Clark Howard

How to hear and delete everything your Amazon Alexa has recorded

Is Alexa listening in on more than she should be? It's a question millions of Amazon Echo owners may be asking after a story about an unusual eavesdropping situation made headlines.

KIRO-TV reports that a woman says Alexa — Amazon's virtual assistant — recorded a conversation in her home and sent it to someone in her family's contact list.

An employee of her husband apparently received an audio file of them talking about hardwood floors.

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Amazon device recorded a private conversation and sent it to someone

In a statement, Amazon confirmed that the incident happened. The company said the Echo interpreted a word in the background conversation as “Alexa” — which makes the device wake up.

Amazon went on to say that the device interpreted the conversation as a “send message” request.

“As unlikely as this string of events is, we are evaluating options to make this case even less likely,” Amazon said in the statement, which you can read in full on KIRO’s website.

The woman said she unplugged all of her Amazon devices and asked for a refund.

Amazon Alexa: How to listen to your recordings and delete them forever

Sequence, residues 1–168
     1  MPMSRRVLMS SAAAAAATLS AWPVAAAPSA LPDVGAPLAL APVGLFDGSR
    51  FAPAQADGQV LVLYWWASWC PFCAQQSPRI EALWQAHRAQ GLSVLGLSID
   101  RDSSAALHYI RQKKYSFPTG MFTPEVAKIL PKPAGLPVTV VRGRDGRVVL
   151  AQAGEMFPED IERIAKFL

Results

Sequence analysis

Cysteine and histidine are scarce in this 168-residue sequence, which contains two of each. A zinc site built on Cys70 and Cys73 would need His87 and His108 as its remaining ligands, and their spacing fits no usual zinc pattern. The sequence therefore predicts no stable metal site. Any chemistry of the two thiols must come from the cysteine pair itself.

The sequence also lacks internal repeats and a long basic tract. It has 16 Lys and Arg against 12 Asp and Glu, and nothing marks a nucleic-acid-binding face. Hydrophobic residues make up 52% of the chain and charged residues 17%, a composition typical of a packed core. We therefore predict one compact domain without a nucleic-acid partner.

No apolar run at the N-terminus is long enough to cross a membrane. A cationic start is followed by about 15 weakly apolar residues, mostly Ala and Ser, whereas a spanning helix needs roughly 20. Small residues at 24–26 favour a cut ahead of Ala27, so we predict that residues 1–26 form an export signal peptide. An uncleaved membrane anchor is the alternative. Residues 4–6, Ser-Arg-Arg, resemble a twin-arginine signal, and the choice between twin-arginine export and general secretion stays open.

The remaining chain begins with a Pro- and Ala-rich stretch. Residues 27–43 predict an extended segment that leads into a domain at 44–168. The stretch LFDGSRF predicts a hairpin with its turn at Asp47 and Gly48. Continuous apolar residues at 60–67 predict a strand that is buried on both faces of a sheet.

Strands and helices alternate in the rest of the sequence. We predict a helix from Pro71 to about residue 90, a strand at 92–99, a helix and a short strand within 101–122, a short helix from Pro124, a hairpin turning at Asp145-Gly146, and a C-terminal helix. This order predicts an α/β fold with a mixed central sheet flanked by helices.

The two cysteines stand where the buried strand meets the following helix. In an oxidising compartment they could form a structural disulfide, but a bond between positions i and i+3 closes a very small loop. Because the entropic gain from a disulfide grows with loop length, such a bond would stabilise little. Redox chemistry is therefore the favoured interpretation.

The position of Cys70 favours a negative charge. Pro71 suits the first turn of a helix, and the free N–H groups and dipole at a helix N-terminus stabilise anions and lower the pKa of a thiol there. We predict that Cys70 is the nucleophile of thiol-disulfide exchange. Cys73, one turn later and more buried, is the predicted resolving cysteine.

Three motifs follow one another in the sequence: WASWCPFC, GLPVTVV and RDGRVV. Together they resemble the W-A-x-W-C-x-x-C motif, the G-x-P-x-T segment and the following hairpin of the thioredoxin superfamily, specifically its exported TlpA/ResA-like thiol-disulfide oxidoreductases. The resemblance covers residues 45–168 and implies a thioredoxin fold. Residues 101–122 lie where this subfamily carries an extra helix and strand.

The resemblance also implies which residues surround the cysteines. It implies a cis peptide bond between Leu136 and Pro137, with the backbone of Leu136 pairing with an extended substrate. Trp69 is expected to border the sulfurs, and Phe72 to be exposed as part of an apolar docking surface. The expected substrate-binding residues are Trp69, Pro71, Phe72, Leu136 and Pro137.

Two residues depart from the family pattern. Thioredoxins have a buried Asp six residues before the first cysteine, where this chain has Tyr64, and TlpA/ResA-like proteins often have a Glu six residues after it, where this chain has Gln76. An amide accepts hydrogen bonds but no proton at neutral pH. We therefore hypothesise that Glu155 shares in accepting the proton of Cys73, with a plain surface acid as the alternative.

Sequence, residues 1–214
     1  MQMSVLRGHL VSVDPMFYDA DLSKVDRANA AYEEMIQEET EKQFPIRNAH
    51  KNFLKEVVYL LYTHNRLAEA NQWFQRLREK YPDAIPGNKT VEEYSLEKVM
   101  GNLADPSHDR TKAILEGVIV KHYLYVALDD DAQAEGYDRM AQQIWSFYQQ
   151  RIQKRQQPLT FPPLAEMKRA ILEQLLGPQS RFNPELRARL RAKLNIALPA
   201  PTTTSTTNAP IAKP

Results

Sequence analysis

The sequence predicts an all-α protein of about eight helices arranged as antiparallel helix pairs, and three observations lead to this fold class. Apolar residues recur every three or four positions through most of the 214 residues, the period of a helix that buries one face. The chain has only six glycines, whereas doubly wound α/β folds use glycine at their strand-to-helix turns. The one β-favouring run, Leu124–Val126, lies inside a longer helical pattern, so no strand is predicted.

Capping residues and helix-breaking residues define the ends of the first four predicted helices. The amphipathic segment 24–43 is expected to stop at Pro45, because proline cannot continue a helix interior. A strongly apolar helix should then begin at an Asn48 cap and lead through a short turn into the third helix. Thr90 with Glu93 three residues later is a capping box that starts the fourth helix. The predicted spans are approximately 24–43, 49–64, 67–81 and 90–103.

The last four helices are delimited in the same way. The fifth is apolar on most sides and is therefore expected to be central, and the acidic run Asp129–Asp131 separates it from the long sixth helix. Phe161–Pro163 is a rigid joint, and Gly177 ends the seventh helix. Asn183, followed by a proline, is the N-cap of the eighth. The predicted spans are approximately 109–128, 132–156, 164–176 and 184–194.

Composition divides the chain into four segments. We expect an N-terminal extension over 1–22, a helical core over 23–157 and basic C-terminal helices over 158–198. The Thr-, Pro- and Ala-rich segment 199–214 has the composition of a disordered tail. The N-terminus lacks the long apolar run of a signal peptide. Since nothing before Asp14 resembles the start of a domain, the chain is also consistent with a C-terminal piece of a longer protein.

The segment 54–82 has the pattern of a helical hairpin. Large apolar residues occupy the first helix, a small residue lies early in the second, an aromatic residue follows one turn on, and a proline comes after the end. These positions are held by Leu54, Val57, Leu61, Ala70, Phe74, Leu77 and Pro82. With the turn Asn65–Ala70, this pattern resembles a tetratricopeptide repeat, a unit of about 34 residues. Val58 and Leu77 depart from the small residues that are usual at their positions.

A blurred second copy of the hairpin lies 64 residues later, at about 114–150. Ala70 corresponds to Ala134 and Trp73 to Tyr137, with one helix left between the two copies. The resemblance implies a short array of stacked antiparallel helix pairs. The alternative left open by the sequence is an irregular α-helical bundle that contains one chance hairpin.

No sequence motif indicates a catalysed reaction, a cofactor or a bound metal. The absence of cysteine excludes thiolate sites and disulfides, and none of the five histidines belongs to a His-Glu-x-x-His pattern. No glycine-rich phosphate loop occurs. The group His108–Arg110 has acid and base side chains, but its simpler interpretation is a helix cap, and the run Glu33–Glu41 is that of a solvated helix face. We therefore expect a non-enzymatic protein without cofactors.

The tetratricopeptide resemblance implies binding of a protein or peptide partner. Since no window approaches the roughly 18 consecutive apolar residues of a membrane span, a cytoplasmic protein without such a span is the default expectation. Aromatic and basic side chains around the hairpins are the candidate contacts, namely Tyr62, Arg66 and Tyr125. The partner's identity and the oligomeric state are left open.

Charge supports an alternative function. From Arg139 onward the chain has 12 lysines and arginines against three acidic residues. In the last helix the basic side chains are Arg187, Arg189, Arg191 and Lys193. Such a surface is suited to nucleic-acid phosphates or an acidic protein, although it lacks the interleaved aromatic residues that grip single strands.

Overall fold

Now that you have the back story, you may want to know exactly what Alexa has been recording in your home! Here’s how to find out…

From the Alexa app, click on “Settings”

Scroll down and select “History” 

Review Alexa recordings, especially those with “Text not available” 

Listen to recordings and delete them individually 

You have another option… 

If you’ve had an Amazon Echo for a long time, you could spend hours going through each individual recording from every time you shouted “Alexa” across the room!

To delete all voice recordings at once, visit the "Manage Your Content and Devices" page at

From there, click on the “Your Devices” tab, select an Alexa-enabled product and click “Manage voice recordings” to find the delete option.

Amazon’s FAQ page says you can also contact customer service to have your recordings deleted.

The company says it keeps voice recordings to learn your voice and how you speak to improve the accuracy of the results that your device provides.

As a result, Amazon says that deleting voice recordings could degrade your Alexa experience.

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